In an apparent slap at big labor, the Obama administration on Friday denied a demand from labor unions that their healthcare plans receive tax subsidies under Obamacare.
Big labor has been a vigorous supporter of President Obama and his administration as well as fervent supporters of the president’s health care plan. However, as the date for implementation draws ever nearer, union officials are now raising concerns that under the law employers could choose to drop many of the premium healthcare plans that union members have enjoyed over the years, choosing instead to leave employees to join the health care exchanges set up by the government which frequently offer fewer benefits.
Union officials were demanding that the president fix the problem and were calling for him to grant tax subsidies for union members who chose to remain in these plans.
However, a White House official said the Treasury Department has determined that the healthcare plans used by many union members, which are known as multi-employer or Taft-Hartley plans, will not be eligible for subsidies.
‚ÄúThe Treasury Department issued a letter today making clear that it does not see a legal way for individuals in multi-employer group health plans to receive individual market tax credits as well as the favorable tax treatment associated with employer-provided health insurance at the same time,‚ÄĚ the official said.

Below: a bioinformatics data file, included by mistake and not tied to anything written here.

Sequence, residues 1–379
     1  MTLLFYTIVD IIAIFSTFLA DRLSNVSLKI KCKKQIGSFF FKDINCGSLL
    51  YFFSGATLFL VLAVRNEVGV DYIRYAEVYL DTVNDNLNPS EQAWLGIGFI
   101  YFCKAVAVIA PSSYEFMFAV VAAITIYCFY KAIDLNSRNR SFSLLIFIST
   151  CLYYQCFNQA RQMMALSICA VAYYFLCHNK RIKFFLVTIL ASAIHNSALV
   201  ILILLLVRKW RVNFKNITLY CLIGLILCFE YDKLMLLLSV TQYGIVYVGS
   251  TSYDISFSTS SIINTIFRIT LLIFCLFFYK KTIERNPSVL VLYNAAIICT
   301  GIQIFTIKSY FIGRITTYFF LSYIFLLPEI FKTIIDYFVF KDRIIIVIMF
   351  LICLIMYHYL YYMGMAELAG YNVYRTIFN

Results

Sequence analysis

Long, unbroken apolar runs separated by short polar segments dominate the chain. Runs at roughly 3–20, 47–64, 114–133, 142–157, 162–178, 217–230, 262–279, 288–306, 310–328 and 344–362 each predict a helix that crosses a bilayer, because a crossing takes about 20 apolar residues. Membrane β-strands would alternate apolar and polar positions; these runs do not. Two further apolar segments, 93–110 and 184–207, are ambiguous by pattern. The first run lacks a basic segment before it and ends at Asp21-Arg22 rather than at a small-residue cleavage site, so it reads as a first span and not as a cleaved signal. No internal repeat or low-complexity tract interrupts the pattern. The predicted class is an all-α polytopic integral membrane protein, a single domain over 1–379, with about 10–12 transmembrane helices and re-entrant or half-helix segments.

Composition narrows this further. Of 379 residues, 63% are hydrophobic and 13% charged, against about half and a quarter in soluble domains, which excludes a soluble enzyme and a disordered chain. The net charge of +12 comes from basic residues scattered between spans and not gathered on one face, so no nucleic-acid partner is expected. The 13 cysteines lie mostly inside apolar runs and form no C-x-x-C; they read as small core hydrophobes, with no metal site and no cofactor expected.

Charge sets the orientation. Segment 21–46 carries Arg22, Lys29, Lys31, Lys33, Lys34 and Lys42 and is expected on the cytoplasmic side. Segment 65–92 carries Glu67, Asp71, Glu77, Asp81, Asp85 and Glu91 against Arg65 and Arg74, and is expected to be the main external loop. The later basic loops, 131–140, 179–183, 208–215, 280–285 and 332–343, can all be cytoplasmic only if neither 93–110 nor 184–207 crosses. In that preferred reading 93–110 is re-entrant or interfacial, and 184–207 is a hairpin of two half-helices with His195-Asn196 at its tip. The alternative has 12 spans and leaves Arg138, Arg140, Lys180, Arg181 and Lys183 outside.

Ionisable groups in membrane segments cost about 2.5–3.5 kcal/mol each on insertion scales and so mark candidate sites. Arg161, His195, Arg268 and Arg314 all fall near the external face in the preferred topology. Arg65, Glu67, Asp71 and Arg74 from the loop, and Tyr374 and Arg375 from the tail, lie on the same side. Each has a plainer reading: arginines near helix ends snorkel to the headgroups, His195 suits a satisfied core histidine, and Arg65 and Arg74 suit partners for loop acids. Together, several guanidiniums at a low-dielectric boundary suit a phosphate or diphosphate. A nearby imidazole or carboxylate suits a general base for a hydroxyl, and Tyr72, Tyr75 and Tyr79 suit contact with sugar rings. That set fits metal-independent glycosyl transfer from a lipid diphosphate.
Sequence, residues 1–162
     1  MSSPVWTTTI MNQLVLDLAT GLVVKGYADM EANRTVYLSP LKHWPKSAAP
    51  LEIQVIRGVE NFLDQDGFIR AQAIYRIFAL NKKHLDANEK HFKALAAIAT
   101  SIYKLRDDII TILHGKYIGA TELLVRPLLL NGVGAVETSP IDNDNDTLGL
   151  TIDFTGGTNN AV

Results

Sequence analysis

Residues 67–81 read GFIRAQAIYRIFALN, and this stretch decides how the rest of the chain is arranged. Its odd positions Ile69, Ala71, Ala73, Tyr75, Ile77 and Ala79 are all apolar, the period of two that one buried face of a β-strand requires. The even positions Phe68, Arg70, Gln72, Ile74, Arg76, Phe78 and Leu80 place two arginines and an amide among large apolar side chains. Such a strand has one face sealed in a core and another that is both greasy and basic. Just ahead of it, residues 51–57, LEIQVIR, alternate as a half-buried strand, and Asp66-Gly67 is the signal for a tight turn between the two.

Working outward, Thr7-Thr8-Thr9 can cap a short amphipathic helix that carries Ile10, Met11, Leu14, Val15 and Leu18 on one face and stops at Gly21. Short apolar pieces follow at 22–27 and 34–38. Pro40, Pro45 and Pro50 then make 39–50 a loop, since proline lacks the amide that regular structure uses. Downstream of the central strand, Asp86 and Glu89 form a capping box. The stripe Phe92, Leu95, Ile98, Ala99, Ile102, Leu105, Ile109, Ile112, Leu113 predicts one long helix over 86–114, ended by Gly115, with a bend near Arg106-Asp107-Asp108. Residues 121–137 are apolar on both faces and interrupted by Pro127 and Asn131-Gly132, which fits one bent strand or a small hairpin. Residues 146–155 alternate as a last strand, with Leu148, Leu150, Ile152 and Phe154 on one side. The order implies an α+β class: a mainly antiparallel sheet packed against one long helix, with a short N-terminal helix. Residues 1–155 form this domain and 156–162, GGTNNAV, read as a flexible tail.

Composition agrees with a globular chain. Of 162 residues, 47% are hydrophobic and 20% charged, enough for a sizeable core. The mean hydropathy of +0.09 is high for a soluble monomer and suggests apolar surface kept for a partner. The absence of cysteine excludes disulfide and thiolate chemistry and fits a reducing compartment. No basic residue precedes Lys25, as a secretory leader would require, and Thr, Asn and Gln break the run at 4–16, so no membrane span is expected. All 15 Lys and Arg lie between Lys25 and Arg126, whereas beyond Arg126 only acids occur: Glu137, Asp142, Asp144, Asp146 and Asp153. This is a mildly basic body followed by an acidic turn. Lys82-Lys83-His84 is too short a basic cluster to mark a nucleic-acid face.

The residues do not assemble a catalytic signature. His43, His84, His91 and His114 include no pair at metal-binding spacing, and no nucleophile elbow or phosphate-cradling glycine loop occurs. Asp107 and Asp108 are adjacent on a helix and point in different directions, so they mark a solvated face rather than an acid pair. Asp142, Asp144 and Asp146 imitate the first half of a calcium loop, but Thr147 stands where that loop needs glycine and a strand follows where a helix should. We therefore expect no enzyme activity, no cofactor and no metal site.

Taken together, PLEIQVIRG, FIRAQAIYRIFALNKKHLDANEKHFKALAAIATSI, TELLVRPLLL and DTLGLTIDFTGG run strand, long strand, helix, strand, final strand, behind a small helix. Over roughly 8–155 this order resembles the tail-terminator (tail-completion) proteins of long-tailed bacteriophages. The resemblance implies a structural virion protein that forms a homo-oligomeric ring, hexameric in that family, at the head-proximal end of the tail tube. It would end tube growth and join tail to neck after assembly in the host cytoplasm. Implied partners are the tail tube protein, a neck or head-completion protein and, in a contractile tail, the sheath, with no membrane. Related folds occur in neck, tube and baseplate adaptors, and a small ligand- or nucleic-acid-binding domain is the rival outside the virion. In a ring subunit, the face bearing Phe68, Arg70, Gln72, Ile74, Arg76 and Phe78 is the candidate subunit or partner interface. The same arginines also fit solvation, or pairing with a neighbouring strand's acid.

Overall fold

The rejection came following a meeting by Obama and Vice President Biden with labor leaders.
While the relationship between big labor and the administration has been a cozy one so far, signs of a rift are beginning to emerge. Labor officials including AFL-CIO Pres. Richard Trumka have insisted that the administration find a fix for Obamacare and have said if they cannot do so then the law needs to be repealed.
At this year’s annual AFL-CIO convention officials adopted a resolution that was harshly critical of the healthcare law, however they were under the impression that the White House did not want to move forward on the resolution.
The president finds himself between a rock and a hard place on this issue. On the one hand he is facing pressure from some of his biggest supporters, who have the ability to strongly mobilize their resources next year during the 2014 midterm elections to help elect Democratic candidates, while on the other hand he is facing scrutiny from everyday Americans as well as members of Congress who would perceive any type of tax subsidy for union as essentially being a kickback.